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What is a Smart Grid?


The true measure of an electric grid is its performance. Reliability, power quality, the number and duration of outages, and average restoration times if power is lost are what really matters to customers.

A Smart Grid is an electrical transmission and distribution system that uses technologies like digital computing and communications to improve the performance of a grid, while enabling the features and applications that directly benefit the consumer1.

A Smart Grid is not an all-or-nothing proposition; there are gradations of “smartness.” As the electrical grid is modernized with advanced technologies, it becomes smarter. Given the diversity in electrical systems and the wide range of available Smart Grid technologies, there is no one method to measure the smartness of an electrical system.

What matters is performance.

The basic operation of Smart Grid technologies is designed to give the utility company and the consumer (residential, commercial, and industrial) more control over the electricity supply.

For utility companies and other grid operators, this means acquiring better situational awareness to know what is happening on the grid and to better manage it. On the consumer side, this means more information about—and thus greater control over—the charges that appear on individuals’ electric bills.

Smart Grid and Power Outages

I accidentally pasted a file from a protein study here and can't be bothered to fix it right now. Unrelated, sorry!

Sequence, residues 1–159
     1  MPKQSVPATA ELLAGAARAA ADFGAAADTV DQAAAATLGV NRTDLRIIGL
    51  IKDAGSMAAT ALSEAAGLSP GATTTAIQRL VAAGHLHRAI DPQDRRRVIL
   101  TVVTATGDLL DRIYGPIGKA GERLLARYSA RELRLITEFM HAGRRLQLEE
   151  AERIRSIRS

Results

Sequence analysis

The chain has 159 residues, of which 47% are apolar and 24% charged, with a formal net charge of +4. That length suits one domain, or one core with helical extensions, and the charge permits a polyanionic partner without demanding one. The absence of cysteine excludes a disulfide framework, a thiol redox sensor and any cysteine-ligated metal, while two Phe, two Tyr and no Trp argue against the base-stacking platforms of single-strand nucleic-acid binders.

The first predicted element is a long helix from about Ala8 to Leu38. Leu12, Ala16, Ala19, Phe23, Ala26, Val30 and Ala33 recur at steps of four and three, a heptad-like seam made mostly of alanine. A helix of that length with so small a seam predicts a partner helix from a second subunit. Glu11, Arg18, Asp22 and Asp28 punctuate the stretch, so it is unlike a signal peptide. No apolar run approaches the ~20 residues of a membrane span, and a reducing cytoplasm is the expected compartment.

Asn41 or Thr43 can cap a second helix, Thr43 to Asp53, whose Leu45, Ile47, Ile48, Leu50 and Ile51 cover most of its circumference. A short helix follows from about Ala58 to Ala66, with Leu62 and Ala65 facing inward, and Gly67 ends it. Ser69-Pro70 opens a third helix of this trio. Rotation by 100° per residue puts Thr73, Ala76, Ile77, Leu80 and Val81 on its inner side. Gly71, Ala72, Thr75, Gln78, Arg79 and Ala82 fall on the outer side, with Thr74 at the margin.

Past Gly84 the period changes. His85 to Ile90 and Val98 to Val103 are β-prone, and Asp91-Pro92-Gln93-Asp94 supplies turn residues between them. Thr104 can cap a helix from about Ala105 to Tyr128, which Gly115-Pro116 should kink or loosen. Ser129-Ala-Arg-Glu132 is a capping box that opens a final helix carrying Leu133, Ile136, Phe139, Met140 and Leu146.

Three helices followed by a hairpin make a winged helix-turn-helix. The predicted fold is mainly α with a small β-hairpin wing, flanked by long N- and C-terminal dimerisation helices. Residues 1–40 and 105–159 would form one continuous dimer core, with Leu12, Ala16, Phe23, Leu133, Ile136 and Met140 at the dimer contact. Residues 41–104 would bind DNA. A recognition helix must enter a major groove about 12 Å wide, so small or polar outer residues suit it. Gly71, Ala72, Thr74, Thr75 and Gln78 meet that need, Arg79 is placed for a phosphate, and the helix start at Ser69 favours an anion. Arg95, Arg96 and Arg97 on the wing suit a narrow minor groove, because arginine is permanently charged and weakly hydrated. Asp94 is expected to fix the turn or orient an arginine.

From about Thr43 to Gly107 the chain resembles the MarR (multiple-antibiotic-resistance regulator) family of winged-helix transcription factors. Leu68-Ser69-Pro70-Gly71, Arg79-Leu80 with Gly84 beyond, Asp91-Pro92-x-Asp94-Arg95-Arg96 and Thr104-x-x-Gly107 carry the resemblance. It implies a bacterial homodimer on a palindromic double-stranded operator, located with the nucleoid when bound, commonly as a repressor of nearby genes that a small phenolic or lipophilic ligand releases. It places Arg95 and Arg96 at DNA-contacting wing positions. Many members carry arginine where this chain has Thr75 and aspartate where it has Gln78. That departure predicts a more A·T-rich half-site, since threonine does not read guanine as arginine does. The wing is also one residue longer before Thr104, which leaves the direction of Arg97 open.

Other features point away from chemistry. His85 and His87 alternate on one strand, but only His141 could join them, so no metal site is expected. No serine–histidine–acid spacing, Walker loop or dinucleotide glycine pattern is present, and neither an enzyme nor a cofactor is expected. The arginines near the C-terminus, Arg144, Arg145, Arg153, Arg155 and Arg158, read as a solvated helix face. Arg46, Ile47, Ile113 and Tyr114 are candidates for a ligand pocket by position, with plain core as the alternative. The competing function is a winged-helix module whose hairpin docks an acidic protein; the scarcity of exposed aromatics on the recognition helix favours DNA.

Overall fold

In much the same way as new information and communications technologies are reshaping how we work, learn, and stay in touch with one another, these same technologies are being applied to the electrical grid, giving utilities new ways to manage the flow of power.

By applying information and communications technologies and basic computing power to the electrical grid, utilities can not only minimize the footprint of the outage, but also identify those affected, shunt around downed power lines to increase public safety, and enable faster restoration of services.

For example, when disturbances are detected in the power flow, modern circuit breakers can automatically open or close to help isolate a fault. Much like a motorist using his GPS to find an alternate route around an accident, this equipment can automatically route power around the problem area allowing electricity to continue to flow to the customer.

Circuit breakers and other electrical devices in the field have the ability to communicate their status to help utilities identify potential problem areas, including outages or conditions that might result in an outage. Coupling this kind of automated activity with feedback from advanced electric meters would help restore service to the greatest number of customers even before the first truck rolls out of the utility service shop.

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1 The source for Smart Grid in the U.S. is Title XIII of the Energy Independence and Security Act of 2007 (EISA, PL 110-140). Applications described in EISA include demand response, energy efficiency, consumer control, smart appliances, renewables, energy storage, and electric vehicles. www.gpo.gov/fdsys/pkg/BILLS-110hr6enr/pdf/BILLS-110hr6enr.pdf